Grading on a Steep Learning Curve, Redskins' Offense Is an Incomplete Pass
IRVING, Tex. -- There's no place to hide. What must Al Saunders think, sitting there in the coaches' box, headset on, his dream offense sputtering and the camera zooming in?
"I'd like to believe we would be farther along at this point," he said late Sunday night, his gaze dropping to the floor of the Redskins' locker room.
This seemed so simple. The final pieces came from everywhere this offseason, providing the Redskins' new offensive mastermind with everything to make the great offense hum. All he needed was to slip Antwaan Randle El and Brandon Lloyd into the missing slots, turn on the engine and start the "Greatest Show on Turf" all over again.
But offensive genius can be such a tricky thing. And the great minds who lock themselves in football fortresses all winter and spring dreaming of those amazing schemes that send the X's and Z's dancing across chalkboards also run the great risk of outsmarting their own wizardry.
For all the brilliance of a 700-page playbook worthy of a leather cover and gilded pages, there is also the annoying little matter of making the plays actually work.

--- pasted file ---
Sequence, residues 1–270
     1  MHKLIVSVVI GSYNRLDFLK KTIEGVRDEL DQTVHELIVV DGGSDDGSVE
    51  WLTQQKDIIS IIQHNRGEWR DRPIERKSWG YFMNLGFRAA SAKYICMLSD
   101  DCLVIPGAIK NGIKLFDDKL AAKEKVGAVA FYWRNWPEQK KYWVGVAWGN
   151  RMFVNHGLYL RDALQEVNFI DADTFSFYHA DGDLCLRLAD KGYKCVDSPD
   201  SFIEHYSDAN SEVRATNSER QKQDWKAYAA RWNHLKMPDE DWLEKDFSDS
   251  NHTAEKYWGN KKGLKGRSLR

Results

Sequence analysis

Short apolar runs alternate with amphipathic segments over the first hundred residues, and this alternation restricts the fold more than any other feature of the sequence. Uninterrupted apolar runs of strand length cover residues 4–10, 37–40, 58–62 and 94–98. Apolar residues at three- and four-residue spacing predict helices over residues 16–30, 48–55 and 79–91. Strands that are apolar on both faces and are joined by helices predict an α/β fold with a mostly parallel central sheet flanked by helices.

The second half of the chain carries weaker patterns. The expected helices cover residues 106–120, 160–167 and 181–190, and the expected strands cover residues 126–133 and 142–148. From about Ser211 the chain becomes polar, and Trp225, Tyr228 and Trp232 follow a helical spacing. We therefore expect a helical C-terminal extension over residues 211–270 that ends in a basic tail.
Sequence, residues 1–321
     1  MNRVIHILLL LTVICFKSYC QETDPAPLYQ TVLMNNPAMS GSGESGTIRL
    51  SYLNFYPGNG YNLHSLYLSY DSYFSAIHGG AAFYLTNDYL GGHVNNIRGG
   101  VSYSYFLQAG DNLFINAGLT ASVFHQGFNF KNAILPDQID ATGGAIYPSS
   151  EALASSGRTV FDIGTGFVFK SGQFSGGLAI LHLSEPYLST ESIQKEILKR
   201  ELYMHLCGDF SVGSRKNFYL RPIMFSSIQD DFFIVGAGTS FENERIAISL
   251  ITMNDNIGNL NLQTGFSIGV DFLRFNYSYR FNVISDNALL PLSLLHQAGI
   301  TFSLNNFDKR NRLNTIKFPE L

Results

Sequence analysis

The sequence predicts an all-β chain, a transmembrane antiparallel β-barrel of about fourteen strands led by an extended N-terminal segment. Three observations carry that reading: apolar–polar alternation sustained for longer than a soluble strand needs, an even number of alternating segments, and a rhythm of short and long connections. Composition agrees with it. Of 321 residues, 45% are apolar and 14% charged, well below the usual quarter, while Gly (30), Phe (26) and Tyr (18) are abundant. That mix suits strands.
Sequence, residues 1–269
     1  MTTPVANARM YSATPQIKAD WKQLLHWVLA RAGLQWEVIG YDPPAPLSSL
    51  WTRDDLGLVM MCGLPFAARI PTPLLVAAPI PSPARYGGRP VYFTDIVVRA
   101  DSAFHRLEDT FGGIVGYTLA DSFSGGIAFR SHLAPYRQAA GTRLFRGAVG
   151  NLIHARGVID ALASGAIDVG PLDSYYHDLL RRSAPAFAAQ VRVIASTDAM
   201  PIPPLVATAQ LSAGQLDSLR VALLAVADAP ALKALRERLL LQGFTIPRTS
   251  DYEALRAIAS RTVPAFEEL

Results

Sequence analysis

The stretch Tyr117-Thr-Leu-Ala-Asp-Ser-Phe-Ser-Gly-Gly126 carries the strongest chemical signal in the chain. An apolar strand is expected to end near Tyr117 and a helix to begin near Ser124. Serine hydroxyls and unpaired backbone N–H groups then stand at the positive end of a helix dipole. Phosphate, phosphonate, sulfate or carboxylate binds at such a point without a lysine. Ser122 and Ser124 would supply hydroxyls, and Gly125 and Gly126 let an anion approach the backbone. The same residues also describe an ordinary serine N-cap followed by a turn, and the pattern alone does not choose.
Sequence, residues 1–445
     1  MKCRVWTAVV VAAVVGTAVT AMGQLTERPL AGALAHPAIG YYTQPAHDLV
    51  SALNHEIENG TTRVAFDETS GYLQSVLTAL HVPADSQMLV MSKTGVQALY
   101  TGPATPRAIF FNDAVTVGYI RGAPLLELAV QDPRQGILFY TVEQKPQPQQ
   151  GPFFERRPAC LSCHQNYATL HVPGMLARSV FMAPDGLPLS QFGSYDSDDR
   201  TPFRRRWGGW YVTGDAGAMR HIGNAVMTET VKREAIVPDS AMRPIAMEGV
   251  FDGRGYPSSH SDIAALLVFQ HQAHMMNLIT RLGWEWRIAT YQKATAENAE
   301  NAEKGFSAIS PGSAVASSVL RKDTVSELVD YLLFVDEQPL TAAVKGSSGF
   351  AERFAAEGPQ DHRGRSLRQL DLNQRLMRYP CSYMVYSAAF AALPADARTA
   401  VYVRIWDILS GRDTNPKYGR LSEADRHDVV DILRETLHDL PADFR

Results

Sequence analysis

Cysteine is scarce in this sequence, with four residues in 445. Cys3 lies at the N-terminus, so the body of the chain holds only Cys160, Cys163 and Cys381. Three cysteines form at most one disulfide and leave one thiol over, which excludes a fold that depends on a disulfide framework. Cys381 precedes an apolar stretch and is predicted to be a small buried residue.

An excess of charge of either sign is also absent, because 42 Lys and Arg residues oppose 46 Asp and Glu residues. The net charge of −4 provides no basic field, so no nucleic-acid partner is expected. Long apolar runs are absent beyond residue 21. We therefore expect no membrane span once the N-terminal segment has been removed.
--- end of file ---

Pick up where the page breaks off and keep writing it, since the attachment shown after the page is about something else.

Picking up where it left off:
Nobody around the Redskins doubts that Saunders has delivered a wonderful offense for his price. But after four exhibition games and two regular season games, the brilliance has yet to manifest itself in a football game. Which is, of course, where the playbook matters most.
All the reverses, the curls, the slants -- the things that justify lavishing a head coach's salary on an assistant -- aren't much good if the team running them is ingrained in smash-mouth tactics.
"I imagine all it takes is one time for your offense to go 'pop' and everything will be fine," a radio reporter said, trying to comfort him last night.
"I think it did pop," he said. "We have to get it right."
The machine never started Sunday night, just like it hasn't started all year. Perhaps it was doomed the moment Mark Brunell lobbed a pass toward Ladell Betts and Betts never turned to see the ball. All evening, the Redskins seemed mired in a bog of missed opportunities and blown assignments. At one point late in the first half, so many players were running in and running off that Brunell, bewildered by the revolving door of burgundy spinning around him, had to call a timeout.
In the end, the most damning statistic in a sea of dreary numbers was this: the team converted 14 percent of its third downs. It was not the stuff of the "Greatest Show on Turf."